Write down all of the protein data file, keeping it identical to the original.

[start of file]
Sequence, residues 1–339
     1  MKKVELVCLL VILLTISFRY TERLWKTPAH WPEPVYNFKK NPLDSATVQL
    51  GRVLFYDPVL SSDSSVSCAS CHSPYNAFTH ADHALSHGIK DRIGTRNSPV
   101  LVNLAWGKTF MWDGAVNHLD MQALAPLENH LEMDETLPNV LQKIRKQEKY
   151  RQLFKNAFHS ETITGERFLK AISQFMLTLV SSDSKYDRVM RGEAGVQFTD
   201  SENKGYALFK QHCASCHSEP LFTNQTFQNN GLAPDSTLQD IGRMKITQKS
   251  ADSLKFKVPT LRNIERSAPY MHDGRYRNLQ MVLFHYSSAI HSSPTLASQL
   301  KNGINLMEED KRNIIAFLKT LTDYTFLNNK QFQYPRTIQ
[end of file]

Sequence, residues 1–339
     1  MKKVELVCLL VILLTISFRY TERLWKTPAH WPEPVYNFKK NPLDSATVQL
    51  GRVLFYDPVL SSDSSVSCAS CHSPYNAFTH ADHALSHGIK DRIGTRNSPV
   101  LVNLAWGKTF MWDGAVNHLD MQALAPLENH LEMDETLPNV LQKIRKQEKY
   151  RQLFKNAFHS ETITGERFLK AISQFMLTLV SSDSKYDRVM RGEAGVQFTD
   201  SENKGYALFK QHCASCHSEP LFTNQTFQNN GLAPDSTLQD IGRMKITQKS
   251  ADSLKFKVPT LRNIERSAPY MHDGRYRNLQ MVLFHYSSAI HSSPTLASQL
   301  KNGINLMEED KRNIIAFLKT LTDYTFLNNK QFQYPRTIQ